The fact that interactions have intensified with the participation of all key stakeholders is a sign that there is light at the end of the tunnel. However, there needs to be stronger commitment to finding win-win solutions by prioritizing key areas for improvement and areas for present and future investment. The key objectives of decision-makers in Greece remain the structural adjustments, the improvement of social cohesion and ameliorating the operational conditions for a sustainable economic recovery. However any prospect for an economic recovery remain slim without a fundamental shift in policy-making and implementation of structural reforms.
What is your final message to our global executive readers, who are perhaps evaluating whether Greece is still a viable global market?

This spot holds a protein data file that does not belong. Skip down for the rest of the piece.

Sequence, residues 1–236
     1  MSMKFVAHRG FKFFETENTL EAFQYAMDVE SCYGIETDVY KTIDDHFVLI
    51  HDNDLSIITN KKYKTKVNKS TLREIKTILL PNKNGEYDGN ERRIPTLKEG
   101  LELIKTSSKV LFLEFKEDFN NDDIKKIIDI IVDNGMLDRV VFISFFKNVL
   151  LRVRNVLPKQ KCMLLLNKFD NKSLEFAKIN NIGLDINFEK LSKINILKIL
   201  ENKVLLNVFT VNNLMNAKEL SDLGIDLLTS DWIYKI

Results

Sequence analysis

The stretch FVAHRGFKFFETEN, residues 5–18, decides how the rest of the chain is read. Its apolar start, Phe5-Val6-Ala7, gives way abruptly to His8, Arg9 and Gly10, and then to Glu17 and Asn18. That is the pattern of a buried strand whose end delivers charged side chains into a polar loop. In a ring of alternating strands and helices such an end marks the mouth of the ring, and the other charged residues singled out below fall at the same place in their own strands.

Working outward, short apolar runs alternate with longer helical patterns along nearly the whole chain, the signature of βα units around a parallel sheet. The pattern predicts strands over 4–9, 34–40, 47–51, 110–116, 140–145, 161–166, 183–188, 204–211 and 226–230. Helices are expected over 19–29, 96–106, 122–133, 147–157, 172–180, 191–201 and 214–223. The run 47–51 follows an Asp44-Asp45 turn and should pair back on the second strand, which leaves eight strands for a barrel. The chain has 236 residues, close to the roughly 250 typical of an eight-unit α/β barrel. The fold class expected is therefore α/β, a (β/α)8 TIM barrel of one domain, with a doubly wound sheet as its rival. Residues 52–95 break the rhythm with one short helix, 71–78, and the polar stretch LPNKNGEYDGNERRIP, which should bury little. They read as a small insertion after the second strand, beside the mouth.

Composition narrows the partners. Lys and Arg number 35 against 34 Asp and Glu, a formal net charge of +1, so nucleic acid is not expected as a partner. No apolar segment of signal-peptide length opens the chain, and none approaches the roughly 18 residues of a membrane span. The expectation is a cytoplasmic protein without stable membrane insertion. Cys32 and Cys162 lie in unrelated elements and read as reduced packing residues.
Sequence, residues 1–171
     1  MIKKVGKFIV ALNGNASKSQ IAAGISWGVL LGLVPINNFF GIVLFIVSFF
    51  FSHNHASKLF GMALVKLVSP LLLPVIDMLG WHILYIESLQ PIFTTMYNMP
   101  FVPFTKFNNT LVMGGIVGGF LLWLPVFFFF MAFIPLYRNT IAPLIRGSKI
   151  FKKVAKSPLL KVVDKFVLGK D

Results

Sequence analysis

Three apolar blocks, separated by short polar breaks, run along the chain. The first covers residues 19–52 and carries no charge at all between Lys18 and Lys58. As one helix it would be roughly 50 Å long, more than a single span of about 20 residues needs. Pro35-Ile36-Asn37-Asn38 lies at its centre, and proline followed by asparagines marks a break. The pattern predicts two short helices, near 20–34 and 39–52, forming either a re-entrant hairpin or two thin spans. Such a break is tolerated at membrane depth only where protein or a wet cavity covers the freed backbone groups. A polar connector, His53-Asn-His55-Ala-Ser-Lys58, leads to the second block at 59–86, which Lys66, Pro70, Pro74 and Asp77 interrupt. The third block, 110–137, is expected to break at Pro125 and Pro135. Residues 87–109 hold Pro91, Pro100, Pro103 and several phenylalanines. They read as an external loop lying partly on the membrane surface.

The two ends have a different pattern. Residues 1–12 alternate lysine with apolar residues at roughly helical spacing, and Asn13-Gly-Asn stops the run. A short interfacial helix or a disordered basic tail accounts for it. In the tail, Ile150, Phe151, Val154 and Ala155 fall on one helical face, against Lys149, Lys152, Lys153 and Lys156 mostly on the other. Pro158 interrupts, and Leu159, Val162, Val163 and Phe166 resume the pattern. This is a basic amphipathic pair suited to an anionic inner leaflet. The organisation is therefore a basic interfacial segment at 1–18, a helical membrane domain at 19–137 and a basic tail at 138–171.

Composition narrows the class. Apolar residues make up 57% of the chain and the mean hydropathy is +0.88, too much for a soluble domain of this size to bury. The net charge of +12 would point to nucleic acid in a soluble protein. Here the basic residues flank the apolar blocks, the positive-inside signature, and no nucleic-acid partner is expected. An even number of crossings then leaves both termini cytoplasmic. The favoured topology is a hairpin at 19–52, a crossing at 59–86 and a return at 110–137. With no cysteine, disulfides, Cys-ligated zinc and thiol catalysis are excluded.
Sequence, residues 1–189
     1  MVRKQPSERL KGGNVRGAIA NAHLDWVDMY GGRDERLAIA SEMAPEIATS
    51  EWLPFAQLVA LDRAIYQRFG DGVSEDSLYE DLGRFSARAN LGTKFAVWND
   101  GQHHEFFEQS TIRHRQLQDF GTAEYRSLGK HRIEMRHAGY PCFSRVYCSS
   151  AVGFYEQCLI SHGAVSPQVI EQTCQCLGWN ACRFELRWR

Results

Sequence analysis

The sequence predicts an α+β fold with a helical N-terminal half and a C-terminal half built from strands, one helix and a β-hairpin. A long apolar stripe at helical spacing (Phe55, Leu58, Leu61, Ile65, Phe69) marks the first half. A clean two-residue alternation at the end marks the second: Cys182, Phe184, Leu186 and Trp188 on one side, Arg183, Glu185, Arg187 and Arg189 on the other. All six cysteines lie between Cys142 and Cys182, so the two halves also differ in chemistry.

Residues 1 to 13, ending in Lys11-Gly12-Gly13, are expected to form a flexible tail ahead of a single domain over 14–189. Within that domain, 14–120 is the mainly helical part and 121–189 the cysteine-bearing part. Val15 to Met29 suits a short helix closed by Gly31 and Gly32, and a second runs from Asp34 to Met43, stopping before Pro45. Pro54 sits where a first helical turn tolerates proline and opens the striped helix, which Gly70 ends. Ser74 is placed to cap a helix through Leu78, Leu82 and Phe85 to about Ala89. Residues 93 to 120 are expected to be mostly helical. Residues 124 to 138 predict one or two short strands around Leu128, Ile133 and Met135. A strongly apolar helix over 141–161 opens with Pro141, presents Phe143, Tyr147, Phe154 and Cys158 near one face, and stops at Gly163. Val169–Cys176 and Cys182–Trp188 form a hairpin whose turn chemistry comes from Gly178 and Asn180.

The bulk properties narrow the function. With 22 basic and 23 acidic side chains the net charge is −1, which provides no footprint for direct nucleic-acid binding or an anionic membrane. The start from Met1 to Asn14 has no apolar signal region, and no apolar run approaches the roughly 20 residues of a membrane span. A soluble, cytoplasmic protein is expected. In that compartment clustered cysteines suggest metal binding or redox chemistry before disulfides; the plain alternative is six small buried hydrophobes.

Greece has a high caliber of educated youth, healthcare professionals and a scientific community which can do excellent research, when proper incentives, infrastructure and streamlined procedures are in place (on par with European standards). In the healthcare sector, R&D and clinical trials are areas of opportunities for growth if the above conditions are met; in particular investment in clinical trials by pharmaceutical companies in Greece can triple or quadruple in the next three to four years as the pharmaceutical industry in Europe is investing in countries where the right conditions are in place; therefore if the right conditions are in place, Greece can be seen as competitive vis-à-vis other European markets. Greece also has the potential to increase manufacturing and export of pharmaceuticals from its existing 28 factories as pharmaceuticals already hold the number two position in Greek exports with EUR 1 billion in revenue. Equally, other areas of the economy can be opportunities for growth and investment as now is the time for the Greek economy to bounce back.